Choice Architecture and Insurance

Research in behavioral economics has shown that the way choices are presented—for example, which options are shown, in what order, and what happens if no option is selected—affects the decisions people make. In their book Nudge, Thaler and Sunstein coined the term choice architecture to characterize how framing decisions can impact on choices that  individuals make. The Wharton Risk Center is studying how choice architecture can be used to encourage better decision-making by the general public, the private and public sectors at the community, regional and national levels in preparing for adverse events that they perceive as having a low probability of occurrence. Current research focuses on the role of protection mitigation and insurance with respect to natural disasters, climate change, health and pandemics.

The Impact of a Government Risk Pool and an Opt-Out Framing on Demand for Earthquake Protection

Howard Kunreuther, Lynn Conell-Price, Paul Kovacs & Katsuichiro Goda

This paper describes the design and analysis of a web-based choice experiment that examines how the demand for earthquake protection in Quebec and British Columbia is influenced by the default option and the structure of the insurance plan. Homeowners in both provinces were given the opportunity to purchase protection against earthquake losses when presented with one of the following options: the current private insurance plan, a high deductible private insurance plan, and a proposed public-private risk pool. The default frame was changed so the homeowner could either opt-in by purchasing this coverage or opt-out of being given this protection and receiving a premium discount. Assigning participants to a public-private risk pool rather than the current private insurance plan increases the likelihood of purchasing earthquake protection by 151%. The opt-out frame leads to a likelihood greater than 1.6 of purchasing coverage relative to the opt-in frame when given the same plan structure. The policy implications of this finding are discussed.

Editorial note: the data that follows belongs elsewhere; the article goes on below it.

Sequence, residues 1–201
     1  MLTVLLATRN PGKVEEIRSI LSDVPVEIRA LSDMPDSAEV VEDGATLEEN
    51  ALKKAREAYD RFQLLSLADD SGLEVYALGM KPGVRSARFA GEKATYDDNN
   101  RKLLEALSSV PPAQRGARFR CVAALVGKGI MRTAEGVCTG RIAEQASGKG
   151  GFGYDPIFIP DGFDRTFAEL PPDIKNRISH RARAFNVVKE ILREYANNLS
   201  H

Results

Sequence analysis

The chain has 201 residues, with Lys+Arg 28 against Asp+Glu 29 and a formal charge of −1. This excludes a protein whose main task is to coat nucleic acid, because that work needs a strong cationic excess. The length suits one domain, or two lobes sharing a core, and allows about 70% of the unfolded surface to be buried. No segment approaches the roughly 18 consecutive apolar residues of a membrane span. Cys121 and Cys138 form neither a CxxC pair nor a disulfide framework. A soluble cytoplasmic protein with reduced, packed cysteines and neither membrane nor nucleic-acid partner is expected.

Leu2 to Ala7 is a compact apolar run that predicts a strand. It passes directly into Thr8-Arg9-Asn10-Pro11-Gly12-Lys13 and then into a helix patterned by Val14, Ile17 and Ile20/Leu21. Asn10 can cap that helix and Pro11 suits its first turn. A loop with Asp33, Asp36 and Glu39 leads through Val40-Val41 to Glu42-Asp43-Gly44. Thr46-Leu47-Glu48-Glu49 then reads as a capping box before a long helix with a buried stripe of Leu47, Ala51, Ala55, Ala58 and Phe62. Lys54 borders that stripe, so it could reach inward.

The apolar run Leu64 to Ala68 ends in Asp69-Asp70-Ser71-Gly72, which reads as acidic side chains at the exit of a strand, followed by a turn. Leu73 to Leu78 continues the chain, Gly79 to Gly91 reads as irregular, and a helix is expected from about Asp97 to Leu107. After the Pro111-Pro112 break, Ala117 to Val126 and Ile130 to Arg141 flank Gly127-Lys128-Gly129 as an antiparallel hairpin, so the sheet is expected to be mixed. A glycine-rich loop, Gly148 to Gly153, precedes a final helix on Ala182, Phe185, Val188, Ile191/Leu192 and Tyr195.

Default Options and Flood Insurance Decisions 

Lynn Conell-Price, Howard Kunreuther, Carolyn Kousky

This project studies how changing a default option influences homeowners’ flood insurance decisions through a field experiment implemented at The Flood Insurance Agency (TFIA), a private flood insurance firm and a subsidiary of the AMWINS Group. The study examines a low-cost add-on option to a homeowner’s flood insurance policy that covers expenditures for rebuilding after flood damage with resilient materials that should reduce future flood damage. We find that changing the default choice in the application process, so that an applicant can opt-out of coverage if they do not want it, rather than needing to opt-in if they do, substantially increases its take-up. The opt-out condition also leads to a small increase in the likelihood that applicants request more than one policy quote, indicating that limited attention may play a role in the impact of the default on initial application decisions. In a complementary lab study, we will further examine the role of attention by experimentally varying the salience of the default and through post-choice survey measures.

Health Insurance, Deductible Choice, and Defaults

Howard Kunreuther and Mark Pauly

This paper reports on a controlled web-based experiment intended to see whether subjects have a predisposition toward low deductible (LD) rather than high deductible (HD) health insurance plans when the LD plan is the default.  The paper also examines whether agents’ choice between LD and HD plans remain consistent if the default and premiums are changed. We find that only slightly more than half of the respondents chose an LD plan even when it was optimal for them to do so. The research presented here should be viewed as further evidence for the importance of understanding individuals’ decision processes associated with the purchase of insurance.


Kunreuther, H., Conell-Price, L., Kovacs, P., & Goda, K. (2021). The Impact of a Government Risk Pool and an Opt-Out Framing on Demand for Earthquake Protection. NBER w29144, and SSRN 3901895.

Bradt, J. (2020). Leveraging Behavioral Science to Close the Flood Insurance Gap. Resilience Lab Notes, Wharton Risk Center, March 30.

Kunreuther, H. and M.V. Pauly (2020). Do People Have a Bias for Low-Deductible Insurance?  NBER working paper #w26994

Mol, J. M., W.J.W. Botzen, J.E. Blasch, E.C. Kranzler, and  H. Kunreuther (2020). All by myself? Testing descriptive social norm-nudges to increase individual flood preparedness. Wharton Risk Center working paper.

Robinson, P.J., W.J.W Botzen, H. Kunreuther, and S.J. Chaudhry (2020).  Default Options and Insurance Demand.  Wharton Risk Center working paper

Kousky, C. (2019). The Role of Natural Disaster Insurance in Recovery and Risk Reduction.  Annual Review of Resource Economics11.

Collier, B. L., & Ragin, M. A. (2018). The Influence of Sellers on Contract Choice: Evidence from Flood Insurance.  Journal of Risk and Insurance.

Kunreuther, H. (2018). Improving the National Flood Insurance Program.  Behavioural Public Policy, 1-15.

Kunreuther, H., M. V. Pauly and S. McMorrow (2013), Insurance and Behavioral Economics:  Improving Decisions in the Most Misunderstood Industry,  New York:  Cambridge University Press.